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Final Week of notes

by: samantha Flavell

Final Week of notes GEO 100

samantha Flavell
SUNY Oswego
GPA 3.8

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About this Document

These are the final set of new notes before final review.
Physical Geology
Rachel Lee (P)
Class Notes
25 ?




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This 5 page Class Notes was uploaded by samantha Flavell on Monday May 2, 2016. The Class Notes belongs to GEO 100 at State University of New York at Oswego taught by Rachel Lee (P) in Fall 2015. Since its upload, it has received 25 views. For similar materials see Physical Geology in Geology at State University of New York at Oswego.

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Date Created: 05/02/16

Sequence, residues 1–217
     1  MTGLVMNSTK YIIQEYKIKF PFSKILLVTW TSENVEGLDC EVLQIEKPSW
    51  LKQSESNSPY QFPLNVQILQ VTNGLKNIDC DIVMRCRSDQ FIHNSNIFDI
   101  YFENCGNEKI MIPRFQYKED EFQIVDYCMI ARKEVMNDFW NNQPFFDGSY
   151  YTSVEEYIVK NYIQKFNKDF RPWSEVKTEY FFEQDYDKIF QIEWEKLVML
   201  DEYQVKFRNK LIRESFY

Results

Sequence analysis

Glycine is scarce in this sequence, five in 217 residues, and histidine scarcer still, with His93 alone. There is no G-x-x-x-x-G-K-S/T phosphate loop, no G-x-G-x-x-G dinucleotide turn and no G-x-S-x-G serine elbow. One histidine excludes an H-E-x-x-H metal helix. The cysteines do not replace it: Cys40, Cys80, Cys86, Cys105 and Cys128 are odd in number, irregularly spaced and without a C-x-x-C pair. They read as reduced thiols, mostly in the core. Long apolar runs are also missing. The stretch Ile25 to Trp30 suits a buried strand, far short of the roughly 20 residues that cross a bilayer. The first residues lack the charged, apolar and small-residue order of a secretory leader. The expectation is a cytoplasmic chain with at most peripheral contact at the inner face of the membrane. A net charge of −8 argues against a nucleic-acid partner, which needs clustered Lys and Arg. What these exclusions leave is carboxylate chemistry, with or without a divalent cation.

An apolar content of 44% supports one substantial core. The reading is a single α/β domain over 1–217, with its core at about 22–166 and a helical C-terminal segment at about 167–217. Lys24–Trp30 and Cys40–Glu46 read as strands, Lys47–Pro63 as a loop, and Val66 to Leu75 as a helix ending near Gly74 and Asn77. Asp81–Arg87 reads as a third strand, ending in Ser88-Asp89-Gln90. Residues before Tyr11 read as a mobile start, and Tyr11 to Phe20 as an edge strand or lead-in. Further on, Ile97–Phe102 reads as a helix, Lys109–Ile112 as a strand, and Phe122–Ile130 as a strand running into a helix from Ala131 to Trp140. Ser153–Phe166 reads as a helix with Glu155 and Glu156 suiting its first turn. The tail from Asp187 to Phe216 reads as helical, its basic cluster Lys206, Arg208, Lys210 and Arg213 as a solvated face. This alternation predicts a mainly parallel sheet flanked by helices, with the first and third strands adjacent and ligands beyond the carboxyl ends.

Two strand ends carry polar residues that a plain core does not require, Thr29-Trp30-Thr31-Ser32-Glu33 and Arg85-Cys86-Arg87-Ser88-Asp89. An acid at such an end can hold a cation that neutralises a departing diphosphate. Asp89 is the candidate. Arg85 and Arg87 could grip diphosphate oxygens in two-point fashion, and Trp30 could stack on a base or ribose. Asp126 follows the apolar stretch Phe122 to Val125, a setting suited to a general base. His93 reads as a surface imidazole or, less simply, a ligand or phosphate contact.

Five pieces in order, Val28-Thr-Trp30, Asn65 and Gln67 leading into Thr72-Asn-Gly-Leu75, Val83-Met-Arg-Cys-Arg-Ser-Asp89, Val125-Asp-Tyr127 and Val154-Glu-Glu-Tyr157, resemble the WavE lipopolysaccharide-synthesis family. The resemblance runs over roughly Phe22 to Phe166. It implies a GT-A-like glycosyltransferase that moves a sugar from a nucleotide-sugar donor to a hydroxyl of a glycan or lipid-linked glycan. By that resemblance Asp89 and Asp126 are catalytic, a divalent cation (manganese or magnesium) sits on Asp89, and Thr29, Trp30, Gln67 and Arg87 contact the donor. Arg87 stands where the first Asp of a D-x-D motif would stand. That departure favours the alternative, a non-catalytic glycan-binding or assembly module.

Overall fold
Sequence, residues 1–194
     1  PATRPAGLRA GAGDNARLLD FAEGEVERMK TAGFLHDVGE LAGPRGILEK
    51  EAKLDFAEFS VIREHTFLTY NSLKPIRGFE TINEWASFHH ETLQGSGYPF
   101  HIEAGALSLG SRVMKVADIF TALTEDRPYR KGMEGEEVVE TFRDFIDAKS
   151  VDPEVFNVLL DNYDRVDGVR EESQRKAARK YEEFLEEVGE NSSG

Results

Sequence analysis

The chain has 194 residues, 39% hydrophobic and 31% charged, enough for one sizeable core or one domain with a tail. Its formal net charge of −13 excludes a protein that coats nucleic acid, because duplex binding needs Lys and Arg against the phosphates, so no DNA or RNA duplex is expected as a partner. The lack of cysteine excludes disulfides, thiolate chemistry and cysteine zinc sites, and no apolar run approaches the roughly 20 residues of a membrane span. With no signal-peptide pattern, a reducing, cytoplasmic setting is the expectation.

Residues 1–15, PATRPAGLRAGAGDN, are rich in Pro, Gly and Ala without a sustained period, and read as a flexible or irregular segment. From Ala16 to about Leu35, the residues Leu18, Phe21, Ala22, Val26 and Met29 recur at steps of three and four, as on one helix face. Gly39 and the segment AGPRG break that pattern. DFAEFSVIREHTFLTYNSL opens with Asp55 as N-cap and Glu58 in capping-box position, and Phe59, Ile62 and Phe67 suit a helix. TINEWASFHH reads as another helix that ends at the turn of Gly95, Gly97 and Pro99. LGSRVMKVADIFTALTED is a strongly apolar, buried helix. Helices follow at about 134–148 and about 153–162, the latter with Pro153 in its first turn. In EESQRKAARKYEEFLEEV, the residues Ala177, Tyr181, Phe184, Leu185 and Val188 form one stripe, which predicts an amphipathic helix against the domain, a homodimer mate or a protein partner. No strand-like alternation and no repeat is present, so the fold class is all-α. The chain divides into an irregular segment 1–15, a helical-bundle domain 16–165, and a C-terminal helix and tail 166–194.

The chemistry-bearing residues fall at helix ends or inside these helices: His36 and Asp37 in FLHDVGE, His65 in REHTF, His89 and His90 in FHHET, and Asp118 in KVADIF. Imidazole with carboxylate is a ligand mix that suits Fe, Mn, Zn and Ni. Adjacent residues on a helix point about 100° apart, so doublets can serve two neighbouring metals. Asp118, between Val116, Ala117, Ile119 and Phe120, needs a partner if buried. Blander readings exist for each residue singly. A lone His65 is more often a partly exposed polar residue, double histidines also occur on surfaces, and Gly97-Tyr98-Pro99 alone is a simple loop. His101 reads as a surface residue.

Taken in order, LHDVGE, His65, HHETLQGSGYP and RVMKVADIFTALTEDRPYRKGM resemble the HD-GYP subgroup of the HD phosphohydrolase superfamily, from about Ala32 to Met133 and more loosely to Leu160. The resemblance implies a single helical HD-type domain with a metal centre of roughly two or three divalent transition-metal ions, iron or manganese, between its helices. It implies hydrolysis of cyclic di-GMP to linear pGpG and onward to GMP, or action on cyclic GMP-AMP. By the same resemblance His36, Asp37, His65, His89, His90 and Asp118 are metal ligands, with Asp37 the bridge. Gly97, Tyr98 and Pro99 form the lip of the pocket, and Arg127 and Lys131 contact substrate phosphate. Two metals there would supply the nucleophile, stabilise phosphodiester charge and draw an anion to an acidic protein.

May 2, 2016 Geo 100­800 Prof. Nandini Kar Hot Springs and Geysers *Hot springs are groundwater discharges of hot water  ­Temp range between 30 and 104 degreees Celsius ­Waters are usually high in dissolved mineral *Hot springs develop in two settings ­Where ground water surfaces along faults ­In geothermal regions *Where deep groundwater surfaces along faults ­deep groundwater is warm ­the source of the heat is the geothermal gradient *In geothermal regions *High geothermal gradients *Boiling water and steam erupt cyclically from geysers ­Water is heated to the boiling point in a vertical spring ­Pressure exerted by the water column prevents boiling ­Some water escapes Artesian Flow *In some areas groundwater is under pressure in a confined aquifer. This results in an artesian  flow, where water can rise to the surface without pumping. *Distinctive Geological Features ­Boiling springs create bubbling mudpots ­Hot springs precipitate dissolved minerals upon cooling. These minerals crystallize as  deposits of travertine ­Geothermal springs may appear as brightly colored pool. Colors are due to bacterial  metabolism of sulfur minerals. Effects of Groundwater Pumping *A cone of depression exists wherever water is pumped faster than infiltration of groundwater  flow can compensate *They can be small and local (individual house well) or large and regional (in a heavy  agricultural area) Urbanization and Groundwater Withdrawal *Urbanized areas are ready targets for desertification, loss of wetlands and other problems linked to increase in the ration of groundwater withdrawal to groundwater recharge. Subsidence *In areas of long­term over pumping, if recharge is slow, subsidence can be a major problem.  Groundwater in pore space in sediments and rocks and acts as support. Withdraw the water and  aquifer material compacts irregularly. When the surface subsides construction may suffer great  damage. *Subsidence is equally problematical in any area where material is withdrawn from the ground  (oil, mines, etc.) It can be combatted by injecting water back into the aquifer as groundwater is  withdrawn. Salt Water Intrusion *One consequence of over pumping in coastal regions is the encroachment of saline seawater  into fresh aquifer. *To combat this, many coastal communities re­inject waste water into coastal aquifers Water Quality *Groundwater’s are ordinarily richer in soluble elements than surface waters, due to the  interaction of water and rock or soil *This interaction can be beneficial though, effectively less­soluble elements and compounds Pollution *Can be described in terms of the nature of sources ­Point source pollution: comes from a singular source in space and tends to contribute a  set of specific pollutants i.e. Leaking storage tank/ landfill ­Nonpoint Source Pollution: Comes from sources that are poorly defined in space and  may contribute highly variable pollutants i.e. runoff, atmospheric deposition Heavy Metals *Although almost 1/3 of all elements fill a bio­essential role, there are limits *Most of the heavy metals are toxic, even in small doses and many are also carcinogens ­Arsenic (As) ­Cadmium (cd) ­Chromium (Cr) ­Cobait  ­Copper (Cu) ­Lead (Pb) ­Mercury (Hg) ­Nickel (Ni) ­Tin (Sn) ­Vanadium (V) ­Zinc (Zn) Contaminant Plumes *Different pollutants will behave differently in the ground, but they can generally be described  by a “plume” of region that has variable concentration of the contaminant materials. Point Source Groundwater Contamination *Pumping can change how groundwater flows, and hence how contaminants are transported in  the subsurface. The Main Techniques for Clean Up *The US EPA group their endeavors to clean up superfund sites into 3 main groups 1) Containment of contaminated material (capping soil, constructing drainage control) 2) Separation of contaminant from soil or water (soil vapor extraction, flushing, washing,  thermal desorption) 3) Rendering the material less toxic (bioremediation, incineration) Human Impacts on Groundwater *In arid areas, irrigation increases water loss to evaporation *Fertilizing crops, especially in arid areas, contributes to salination of fresh water resources *Urbanization (paving, building) decreases infiltration and increases runoff loss *Removal of forested lands and desertification increases runoff loss and shrink aquifers 10 Ways of Protecting and Conserving Groundwater 1) Dispose of chemicals properly 2) Take used motor oil and batteries to a recycling center 3) Limit the amount of fertilizer used on plants 4) Save cold shower water, take short showers 5) Shut off water while brushing teeth 6) Run full loads of dishes and laundry 7) Check for leaky faucets and have them fixed 8) Buy water and detergent efficient washers 9) Keep a pitcher of drinking water in the refrigerator 10)Get involved in water education 


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